Published August 1, 2009


Down by the beach

Unobtrusive and luxurious furnishings make this Sentosa home a seaside sanctuary. By Lim Sio Hui

A BEACHFRONT vacation home is not an uncommon commodity overseas, but here on land-scarce Singapore, they're an almost unheard-of luxury. This one could possibly make many of us kick up our sand castles in envy.

As relatively plain walls and accessories were a must in order not to compete with the scenery, tactile touches such woven leather on the sofas and the sandblasted finishing on the armchair helps bring depth to the decor,00.html?

Located just half an hour away from the Phua clan's family home on Bukit Timah Road is their Sentosa Cove escape, a jewel of a house with its sparkling pool and top-to-toe open glass facade, with the covetable highlight of waves lapping at their front yard, and a view of the blissfully undeveloped Pulau Tekukor islet in the horizon.

Designed by architect Peter Tay, the six-bedroom, 8,000 sq ft space had been playing host to weekend escapes for Raymond Phua and his extended family. But despite it being completed over a year ago, the holiday home had not been 'done up properly', admits Mr Phua, until the homeowners brought in designer Alan Rohwer from New York based luxury consultancy EARTH.

As the managing director of luxury furnishings retailer Da Vinci Collection, Mr Phua had known and always admired Mr Rohwer's work from the designer's long-term collaboration with Versace Home, one of the brands represented by his company. And having seen Mr Rohwer transform blank canvases into beautiful, coherently themed affairs, Mr Phua gave him free rein to decorate the space as he saw fit - which meant there was no brief, just Da Vinci's inventory and a team of movers at his disposal.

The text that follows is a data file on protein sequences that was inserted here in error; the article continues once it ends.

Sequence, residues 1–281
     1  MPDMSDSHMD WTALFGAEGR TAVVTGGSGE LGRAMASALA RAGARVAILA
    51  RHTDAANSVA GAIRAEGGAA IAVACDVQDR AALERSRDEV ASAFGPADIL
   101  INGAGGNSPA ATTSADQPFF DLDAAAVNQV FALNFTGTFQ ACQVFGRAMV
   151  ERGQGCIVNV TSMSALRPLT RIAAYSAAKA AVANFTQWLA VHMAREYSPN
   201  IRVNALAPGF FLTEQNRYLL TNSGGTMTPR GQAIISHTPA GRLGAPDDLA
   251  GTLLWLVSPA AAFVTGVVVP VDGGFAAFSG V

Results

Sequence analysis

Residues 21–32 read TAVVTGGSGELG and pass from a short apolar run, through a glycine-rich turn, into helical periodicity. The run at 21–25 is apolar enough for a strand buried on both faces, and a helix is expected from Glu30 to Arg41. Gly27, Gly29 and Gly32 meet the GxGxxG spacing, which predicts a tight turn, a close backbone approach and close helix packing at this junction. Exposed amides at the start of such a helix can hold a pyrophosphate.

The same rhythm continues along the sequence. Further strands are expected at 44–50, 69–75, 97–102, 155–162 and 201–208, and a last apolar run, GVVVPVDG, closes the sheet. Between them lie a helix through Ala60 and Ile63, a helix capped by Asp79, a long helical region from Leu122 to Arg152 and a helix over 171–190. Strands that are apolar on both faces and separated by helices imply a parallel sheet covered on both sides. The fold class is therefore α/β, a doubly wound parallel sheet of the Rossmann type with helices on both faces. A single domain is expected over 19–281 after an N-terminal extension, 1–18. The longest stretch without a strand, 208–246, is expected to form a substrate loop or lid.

Taking inspiration from the home itself, Mr Rohwer used colours found in the surroundings and garden, and worked the beachside atmosphere into the home. Relatively plain walls and accessories were a must in order not to compete with the property's main draw, the scenery, so he played with tactile touches such woven leather on the sofas and the sandblasted finishing on the armchair to bring depth to the decor.

The plush carpets play a secondary, crucial role, 'they're meant to hide the sand you get your feet, which is a problem with most beach homes'.

Mr Rohwer was careful not to add in too many things - with these often over-the-top pieces from luxury brands such as Versace, Fendi, and IPE Cavalli, 'the tip is to anchor it in a corner and just put in one statement piece: think of it as a painting on the wall'.

Mr Rohwer also made the most of nature with cleverly selected materials: the gold wallpaper and furnishings used in the master bedroom reflects the gorgeous sunrise they get from the home, which helps to magnify the light in the home, effectively reducing the periods when they need artificial light.

Indeed, nature is the biggest focus here, says Mr Phua. 'The view is completely unobstructed, and you can see jet skiers, yachts, and other boats in the day, and during the night you can't see anything except for the stars.' That's when him and his family troop to the rooftop terrace and turn the telescope on the Milky Way, where he likes to pick out the planet he identifies most easily, 'Saturn, with its rings'.

Adds the 39-year-old: 'I like to call this place our escape, a fantasy, our little world in a great big world.' His favourite nook is in the entertainment den in the basement, flanked by a large window offering a view into the swimming pool. Dressed in dark, velvety tones and decorated with predominantly black furnishings, the sombre space gets its magic from the natural light that filters in from the pool.

'You're out working, doing business all day, and you're on your guard and on your best behaviour, and seeing in stark, white light. I like places that are darker, which you can hide in. This is my sanctuary. When the doors are closed and the music is blasting, this feels like a cocoon.'

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